BY JOHN FLEMING
Times Performing Arts Critic
Peter Stark isn't wasting any time as chairman of the dance department of the Patel Conservatory in Tampa. After just a few weeks on the job, he announced that the school is starting a ballet company.
"We're going to call it the Next Generation Ballet, and we're modeling it on the New World Symphony,'' Stark said, referring to the preprofessional orchestra in Miami Beach that is led by Michael Tilson Thomas. "The model is that they'll be young performers producing a high-quality product.''
Stark, 43, came from Orlando Ballet School, where he was director since 2000. He's a former dancer with New York City Ballet, Boston Ballet, Washington Ballet and Washington Opera.
He envisions a company that will have eight apprentices 16 to 20 years old and as many as 16 trainees ages 14 to 18, supplemented by guest artists, in its first year. The apprentices would receive scholarships to the school and performance stipends.
"It will be a youth company, but I'm really steering away from that,'' Stark said. "The reality is, all of ballet is a youth ballet. I started my career with New York City Ballet at 17 and retired at 30. Many dancers make it to 35 or 40, but that's still very young. So if we're looking at 16- to 20-year-olds, yes, they're young, but they are actually at a point where they would be entering the field. What we're giving them is training and work experience.''
As part of the David A. Straz Jr. Center for the Performing Arts, the Patel brings some major assets to the challenging business of ballet. The Tampa Bay area had at least two professional ballet companies — the Tampa Ballet, which decamped to Colorado; and Bay Ballet Theater, which folded — but dance hasn't found a large enough audience to support top-flight productions.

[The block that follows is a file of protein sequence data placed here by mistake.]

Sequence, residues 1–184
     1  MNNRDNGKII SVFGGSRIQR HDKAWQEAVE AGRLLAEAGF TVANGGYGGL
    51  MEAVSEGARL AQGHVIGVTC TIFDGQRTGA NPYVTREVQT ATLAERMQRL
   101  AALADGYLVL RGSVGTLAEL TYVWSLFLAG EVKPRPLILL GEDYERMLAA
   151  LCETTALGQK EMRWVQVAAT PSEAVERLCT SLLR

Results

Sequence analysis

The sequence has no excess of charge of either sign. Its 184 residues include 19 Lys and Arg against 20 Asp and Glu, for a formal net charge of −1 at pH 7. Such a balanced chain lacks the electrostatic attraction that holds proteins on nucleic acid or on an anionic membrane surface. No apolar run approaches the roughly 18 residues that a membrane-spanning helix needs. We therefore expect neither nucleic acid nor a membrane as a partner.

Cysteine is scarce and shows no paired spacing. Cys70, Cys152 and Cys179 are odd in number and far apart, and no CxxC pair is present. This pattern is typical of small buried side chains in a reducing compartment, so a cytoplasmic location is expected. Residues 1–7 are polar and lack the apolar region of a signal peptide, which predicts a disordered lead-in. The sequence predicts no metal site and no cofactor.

"The Tampa Bay area has tried to start ballet companies, and we've brought in ballet companies like Washington Ballet and Orlando Ballet, but I think this approach has a lot of potential,'' said Judy Lisi, president of the Straz. "It's a new kind of company that will emerge from the conservatory.''
Lisi said the Straz's big financial commitment "will be toward the quality of the productions. That's where the money will go. We intend for them to be fully loaded.''
On Saturday, Stark will hold auditions for his staging of The Nutcracker in the Straz Center's Morsani Hall Dec. 22 and 23. It will feature guest artists from New York City Ballet and Boston Ballet, with set and costumes from Omaha Theater Ballet. The company has a production of A Midsummer Night's Dream on May 14. Dancers will also perform in Opera Tampa's The Merry Widow Nov. 12-14.
Of course, Next Generation Ballet is far from the only school-based troupe in the bay area, which has a healthy complement of dance studios and companies that seek to cultivate top-level performers and put on ambitious productions. The Brandon Ballet and America's Ballet School in New Tampa also have Nutcracker auditions on Saturday.
Wendy Leigh, vice president of education at the Straz Center, said the Patel ballet program will have 250 students this school year. She acknowledged that dance teachers are protective of their turf and could feel threatened by such a large institution as the performing arts center.
"People kind of pick where they want to go,'' Leigh said. "There are people who just want to stay in Westchase or New Tampa, and they don't want to make the drive downtown. Ultimately, they'll go where their child will get the best training.''
John Fleming can be reached at firstname.lastname@example.org or (727) 893-8716. He blogs on Critics Circle at tampabay.com/blogs/critics.